quote:Originally posted by kresge:
Why are books on Linux more relevant than say Souls of Black Folk by WEB Du Bois. Why is Dancing Wu Li Masters more relevant than Toni Morrison's Beloved or Michel Foucaults Order of Things. In the context of this thread, I believe that such a list would facilitate the kind of critical thinking that is often lacking many institutions of higher education. I could not possibly list all the books that have impacted me. I have over 500 books in my office at home.
Arthur B. Powell's Ethnomathematics: Challenging Eurocentrism in Mathematics Education (1997) and Marcia Ascher's Ethnomathematics: A Multicultural View of Mathematical Ideas (1994) are two books that I would love more math teachers to incorporate into their lessons. However, the difference between me and some others is that I know this will never happen if I only present a list of books to people in a discussion forum. The only way to make this happen is by physically taking these books to schools and suggesting that teachers incorporate the information presented in these books into their lessons.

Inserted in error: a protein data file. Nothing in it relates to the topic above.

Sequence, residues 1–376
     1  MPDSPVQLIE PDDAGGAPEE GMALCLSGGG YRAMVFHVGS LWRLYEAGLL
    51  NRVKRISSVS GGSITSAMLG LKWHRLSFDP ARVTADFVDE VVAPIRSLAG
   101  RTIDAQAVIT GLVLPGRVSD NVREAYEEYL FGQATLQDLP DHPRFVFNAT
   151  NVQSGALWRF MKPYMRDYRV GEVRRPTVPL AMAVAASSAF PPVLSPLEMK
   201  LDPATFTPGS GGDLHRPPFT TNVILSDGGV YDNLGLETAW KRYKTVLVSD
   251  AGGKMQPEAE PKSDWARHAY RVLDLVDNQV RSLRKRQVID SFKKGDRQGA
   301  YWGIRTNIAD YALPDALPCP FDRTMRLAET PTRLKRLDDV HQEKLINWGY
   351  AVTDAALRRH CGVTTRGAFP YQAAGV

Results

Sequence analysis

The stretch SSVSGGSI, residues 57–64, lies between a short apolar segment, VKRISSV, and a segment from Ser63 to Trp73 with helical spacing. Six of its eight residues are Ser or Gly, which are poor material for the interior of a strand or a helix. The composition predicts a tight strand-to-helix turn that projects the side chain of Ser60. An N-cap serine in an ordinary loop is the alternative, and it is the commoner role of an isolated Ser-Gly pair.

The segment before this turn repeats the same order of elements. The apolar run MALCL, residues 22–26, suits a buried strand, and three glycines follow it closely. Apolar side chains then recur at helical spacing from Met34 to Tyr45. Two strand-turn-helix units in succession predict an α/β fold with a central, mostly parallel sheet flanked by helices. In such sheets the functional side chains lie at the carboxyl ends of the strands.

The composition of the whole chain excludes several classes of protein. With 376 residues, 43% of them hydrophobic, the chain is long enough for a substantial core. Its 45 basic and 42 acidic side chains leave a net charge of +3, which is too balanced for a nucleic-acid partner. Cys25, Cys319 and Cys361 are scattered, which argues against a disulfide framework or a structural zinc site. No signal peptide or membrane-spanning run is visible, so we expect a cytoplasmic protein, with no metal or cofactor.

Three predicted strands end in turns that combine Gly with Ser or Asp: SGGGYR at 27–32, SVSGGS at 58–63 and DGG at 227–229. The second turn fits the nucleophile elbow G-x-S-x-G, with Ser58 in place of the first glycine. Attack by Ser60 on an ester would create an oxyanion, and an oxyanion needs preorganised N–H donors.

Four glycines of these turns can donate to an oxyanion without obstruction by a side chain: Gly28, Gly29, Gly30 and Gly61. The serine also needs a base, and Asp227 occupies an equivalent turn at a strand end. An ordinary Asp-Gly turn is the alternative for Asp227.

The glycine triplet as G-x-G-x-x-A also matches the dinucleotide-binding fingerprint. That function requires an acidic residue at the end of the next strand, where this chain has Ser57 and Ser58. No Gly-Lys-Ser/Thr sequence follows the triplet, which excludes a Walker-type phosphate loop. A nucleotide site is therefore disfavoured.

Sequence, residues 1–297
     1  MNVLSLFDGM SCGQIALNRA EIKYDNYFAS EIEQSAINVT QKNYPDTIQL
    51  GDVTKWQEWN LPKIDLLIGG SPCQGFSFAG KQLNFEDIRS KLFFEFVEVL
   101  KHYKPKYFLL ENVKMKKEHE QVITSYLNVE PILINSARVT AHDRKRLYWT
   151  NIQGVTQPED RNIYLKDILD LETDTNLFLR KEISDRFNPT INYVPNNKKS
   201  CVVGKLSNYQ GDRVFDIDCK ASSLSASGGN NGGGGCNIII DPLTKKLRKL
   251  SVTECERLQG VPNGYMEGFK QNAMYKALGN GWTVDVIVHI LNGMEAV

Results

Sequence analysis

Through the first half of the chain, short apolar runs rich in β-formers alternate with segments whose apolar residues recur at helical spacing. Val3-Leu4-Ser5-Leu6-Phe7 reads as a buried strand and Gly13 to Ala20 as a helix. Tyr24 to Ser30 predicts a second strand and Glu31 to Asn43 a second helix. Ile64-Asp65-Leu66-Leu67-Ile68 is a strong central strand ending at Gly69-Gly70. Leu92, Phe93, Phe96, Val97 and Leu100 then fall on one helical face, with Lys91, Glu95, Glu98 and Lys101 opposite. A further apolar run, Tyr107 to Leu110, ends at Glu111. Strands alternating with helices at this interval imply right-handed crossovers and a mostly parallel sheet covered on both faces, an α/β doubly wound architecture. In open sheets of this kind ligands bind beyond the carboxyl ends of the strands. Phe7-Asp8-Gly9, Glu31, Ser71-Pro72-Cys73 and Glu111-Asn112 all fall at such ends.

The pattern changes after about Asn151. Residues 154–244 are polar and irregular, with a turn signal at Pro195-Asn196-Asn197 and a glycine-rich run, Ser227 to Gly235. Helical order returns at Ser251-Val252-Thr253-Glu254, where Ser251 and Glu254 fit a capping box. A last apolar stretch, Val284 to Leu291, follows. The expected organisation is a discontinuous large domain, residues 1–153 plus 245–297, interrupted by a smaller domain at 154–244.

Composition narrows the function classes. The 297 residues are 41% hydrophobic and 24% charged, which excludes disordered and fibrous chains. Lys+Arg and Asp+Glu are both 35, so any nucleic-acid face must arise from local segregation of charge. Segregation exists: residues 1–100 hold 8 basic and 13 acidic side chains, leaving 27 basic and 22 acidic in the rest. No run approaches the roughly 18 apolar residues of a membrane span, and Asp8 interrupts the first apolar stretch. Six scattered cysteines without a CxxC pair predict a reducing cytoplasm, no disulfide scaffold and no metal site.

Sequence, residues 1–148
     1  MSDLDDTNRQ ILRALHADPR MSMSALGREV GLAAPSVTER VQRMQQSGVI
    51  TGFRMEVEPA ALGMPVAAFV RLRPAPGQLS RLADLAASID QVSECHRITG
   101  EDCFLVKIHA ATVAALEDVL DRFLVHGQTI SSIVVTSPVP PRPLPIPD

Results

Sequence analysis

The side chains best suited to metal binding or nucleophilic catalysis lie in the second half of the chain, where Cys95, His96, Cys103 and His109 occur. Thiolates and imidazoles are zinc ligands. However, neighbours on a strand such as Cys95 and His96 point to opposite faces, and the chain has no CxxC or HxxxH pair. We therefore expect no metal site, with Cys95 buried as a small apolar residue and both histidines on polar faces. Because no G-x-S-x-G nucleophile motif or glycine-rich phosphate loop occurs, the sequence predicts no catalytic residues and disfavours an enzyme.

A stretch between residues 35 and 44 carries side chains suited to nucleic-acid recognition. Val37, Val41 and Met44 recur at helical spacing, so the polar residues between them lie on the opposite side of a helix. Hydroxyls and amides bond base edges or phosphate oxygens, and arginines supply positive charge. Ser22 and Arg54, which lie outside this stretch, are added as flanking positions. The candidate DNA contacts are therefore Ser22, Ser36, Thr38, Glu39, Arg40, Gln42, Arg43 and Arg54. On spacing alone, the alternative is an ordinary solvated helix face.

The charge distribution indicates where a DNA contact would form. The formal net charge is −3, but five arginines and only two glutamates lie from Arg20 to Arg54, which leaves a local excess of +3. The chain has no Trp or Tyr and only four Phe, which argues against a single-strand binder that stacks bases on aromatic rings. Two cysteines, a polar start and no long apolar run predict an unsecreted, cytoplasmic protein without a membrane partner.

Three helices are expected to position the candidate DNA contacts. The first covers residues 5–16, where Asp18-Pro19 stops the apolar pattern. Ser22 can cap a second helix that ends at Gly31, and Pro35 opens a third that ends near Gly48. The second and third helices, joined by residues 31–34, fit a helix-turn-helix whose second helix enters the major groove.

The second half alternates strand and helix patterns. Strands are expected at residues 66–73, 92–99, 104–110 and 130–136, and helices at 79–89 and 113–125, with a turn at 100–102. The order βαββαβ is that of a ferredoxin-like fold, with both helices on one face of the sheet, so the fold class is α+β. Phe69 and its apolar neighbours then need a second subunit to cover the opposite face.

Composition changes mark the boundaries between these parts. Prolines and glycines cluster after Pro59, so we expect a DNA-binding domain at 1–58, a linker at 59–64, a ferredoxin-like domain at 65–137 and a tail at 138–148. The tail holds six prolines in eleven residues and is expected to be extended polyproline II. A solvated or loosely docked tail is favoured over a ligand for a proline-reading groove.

Teachers are not limited to the sources of information they can use in their classrooms. A language arts teacher, for example, is not prohibited from reading Toni Morrison or Langston Hughes to his students. It really depends on the literature the teacher deems significant and important enough to share with his or her students. Part of the problem is that some teachers are not reading books like these themselves, preferring to just teach whatever scripted curriculum is handed to them by the county. In response to these nonreaders, I know of a principal (African-American man) in Maryland who went so far as to create a mandatory reading list for his teachers! The teachers were expected to have read all of the books on the list before the school year ended. I thought it was a great idea.